"The Other Arnold: Palmer's daughter reflects on the chasm between the brand and the man"

Carve out a few minutes for Michael Bamberger's Golf.com story on Peg Palmer if you haven't already. A year after her father's death, the 61-year-old is celebrating her father's legacy but also lamenting many things, from the production values of her father's funeral to the $25,000 designated for Doc Giffin in the estate. Mostly, however, she fears the Arnold Palmer "brand" will "subsume any real sense of whom her father was."

It's a fascinating read on many levels and clear the 61-year-old has no interest in tainting her father's legacy. However, she's not a fan of some.

The power, the fame, the money, at some point it distorted who he was," Peg said. "Marketing turned Daddy into somebody who was pretty bland, and he was not bland." Mark McCormack and Alastair Johnston and the company they worked for, IMG, comes up often in her conversations. McCormack, the founder of IMG, was a marketing genius. Johnston got the deals signed and tracked the numbers. Peg finds Johnston, a native Scot, to be opaque and cold in their business dealings. But her standards are outside the norm. She is uncommonly giving and open.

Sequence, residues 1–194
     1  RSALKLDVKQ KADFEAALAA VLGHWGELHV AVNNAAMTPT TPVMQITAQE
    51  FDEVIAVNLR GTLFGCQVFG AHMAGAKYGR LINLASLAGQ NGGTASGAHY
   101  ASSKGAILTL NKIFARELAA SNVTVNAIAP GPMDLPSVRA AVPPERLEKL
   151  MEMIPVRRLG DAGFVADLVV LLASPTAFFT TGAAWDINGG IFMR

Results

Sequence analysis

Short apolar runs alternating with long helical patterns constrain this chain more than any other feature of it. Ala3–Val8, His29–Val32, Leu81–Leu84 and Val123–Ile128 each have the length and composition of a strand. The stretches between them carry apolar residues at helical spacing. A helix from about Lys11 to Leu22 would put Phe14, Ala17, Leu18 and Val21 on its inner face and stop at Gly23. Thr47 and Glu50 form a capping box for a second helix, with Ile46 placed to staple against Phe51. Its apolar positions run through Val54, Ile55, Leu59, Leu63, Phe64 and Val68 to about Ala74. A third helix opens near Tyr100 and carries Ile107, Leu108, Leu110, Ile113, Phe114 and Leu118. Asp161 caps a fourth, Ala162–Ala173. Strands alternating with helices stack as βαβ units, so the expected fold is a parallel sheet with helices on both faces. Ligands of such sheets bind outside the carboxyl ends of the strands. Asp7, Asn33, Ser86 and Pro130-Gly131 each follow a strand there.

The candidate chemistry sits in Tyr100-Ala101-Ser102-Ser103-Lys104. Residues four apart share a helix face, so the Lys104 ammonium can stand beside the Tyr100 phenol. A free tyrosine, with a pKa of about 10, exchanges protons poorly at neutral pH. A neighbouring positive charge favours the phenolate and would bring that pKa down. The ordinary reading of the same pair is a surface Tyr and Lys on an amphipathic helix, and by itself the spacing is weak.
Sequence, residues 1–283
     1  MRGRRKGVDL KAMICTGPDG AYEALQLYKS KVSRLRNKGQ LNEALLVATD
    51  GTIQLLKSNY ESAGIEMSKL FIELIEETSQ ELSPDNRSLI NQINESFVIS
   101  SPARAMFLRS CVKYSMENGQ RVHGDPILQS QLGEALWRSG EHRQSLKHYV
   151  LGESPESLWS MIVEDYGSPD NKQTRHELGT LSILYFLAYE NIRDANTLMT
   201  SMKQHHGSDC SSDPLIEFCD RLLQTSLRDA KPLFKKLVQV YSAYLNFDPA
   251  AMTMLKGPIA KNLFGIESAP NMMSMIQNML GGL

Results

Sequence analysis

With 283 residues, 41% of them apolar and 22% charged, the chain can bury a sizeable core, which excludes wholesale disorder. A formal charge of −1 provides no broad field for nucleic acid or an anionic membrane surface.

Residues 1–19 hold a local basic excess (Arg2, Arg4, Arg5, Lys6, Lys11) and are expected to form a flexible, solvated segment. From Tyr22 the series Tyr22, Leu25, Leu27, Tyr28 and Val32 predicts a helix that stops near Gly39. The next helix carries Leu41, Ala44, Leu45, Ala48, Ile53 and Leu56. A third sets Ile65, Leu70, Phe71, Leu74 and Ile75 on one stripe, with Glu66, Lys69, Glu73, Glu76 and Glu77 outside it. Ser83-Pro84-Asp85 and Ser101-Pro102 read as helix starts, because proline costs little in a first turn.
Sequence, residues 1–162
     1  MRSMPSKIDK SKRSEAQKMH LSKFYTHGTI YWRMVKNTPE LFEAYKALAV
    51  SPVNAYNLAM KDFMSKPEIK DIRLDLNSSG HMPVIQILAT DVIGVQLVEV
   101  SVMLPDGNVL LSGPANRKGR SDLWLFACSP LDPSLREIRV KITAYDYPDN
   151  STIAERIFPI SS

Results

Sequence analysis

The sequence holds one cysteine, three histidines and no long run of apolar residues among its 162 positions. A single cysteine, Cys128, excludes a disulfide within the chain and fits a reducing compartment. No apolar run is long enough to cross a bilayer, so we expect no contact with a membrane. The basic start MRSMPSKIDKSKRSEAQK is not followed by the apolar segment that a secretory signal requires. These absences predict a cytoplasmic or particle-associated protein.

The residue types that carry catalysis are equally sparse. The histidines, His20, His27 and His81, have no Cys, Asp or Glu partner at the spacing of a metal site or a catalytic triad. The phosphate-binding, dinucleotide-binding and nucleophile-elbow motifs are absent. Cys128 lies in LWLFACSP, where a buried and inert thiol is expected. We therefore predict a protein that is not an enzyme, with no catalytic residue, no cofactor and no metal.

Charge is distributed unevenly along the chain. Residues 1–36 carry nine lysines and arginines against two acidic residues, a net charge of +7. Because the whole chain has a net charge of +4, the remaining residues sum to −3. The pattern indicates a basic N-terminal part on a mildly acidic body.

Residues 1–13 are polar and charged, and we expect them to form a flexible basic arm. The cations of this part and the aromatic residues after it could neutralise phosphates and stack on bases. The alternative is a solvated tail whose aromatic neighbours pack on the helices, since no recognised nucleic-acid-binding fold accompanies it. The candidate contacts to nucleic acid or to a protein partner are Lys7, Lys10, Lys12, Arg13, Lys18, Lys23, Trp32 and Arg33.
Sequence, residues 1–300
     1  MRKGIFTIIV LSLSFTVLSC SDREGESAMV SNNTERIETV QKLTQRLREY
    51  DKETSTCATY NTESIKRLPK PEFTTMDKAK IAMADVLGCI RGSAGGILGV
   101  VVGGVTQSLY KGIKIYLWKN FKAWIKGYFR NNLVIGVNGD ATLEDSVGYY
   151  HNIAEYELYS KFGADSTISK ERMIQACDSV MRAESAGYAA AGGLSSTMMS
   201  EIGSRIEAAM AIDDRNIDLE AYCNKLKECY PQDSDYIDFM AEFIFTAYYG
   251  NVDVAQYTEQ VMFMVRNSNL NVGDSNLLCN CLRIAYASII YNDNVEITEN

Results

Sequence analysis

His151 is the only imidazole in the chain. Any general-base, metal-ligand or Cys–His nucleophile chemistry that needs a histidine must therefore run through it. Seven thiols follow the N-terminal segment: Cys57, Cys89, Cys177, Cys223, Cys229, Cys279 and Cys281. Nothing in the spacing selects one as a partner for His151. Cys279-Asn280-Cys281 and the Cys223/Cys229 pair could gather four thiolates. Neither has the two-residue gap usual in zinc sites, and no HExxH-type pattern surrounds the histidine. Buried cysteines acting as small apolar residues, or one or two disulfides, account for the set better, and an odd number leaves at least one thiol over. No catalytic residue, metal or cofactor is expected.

For all of her concerns expressed, there was also this endearing image of her father:

"He put the time into his clubs because he loved doing it—he was a man who did what he loved. My dad was a manly man, kind of macho, kind of a chauvinist, but he was also a very creative person. The workshop gave him a chance to be creative. It wasn't mindless repetition. It was part of a process. He was at his most focused, his most engaged, his most peaceful, when he was in the workshop. It was a tonic for him. He liked seeing sparks fly, he liked all the stimuli of the workshop.

"Working on the clubs also kept him in touch with his working-class roots. I think my dad really celebrated the working class, and he felt connected to people who did things for themselves, as he did. That helped him be the architect of his own destiny. Doing things with his own tools, with his own hands, that was part of his identity.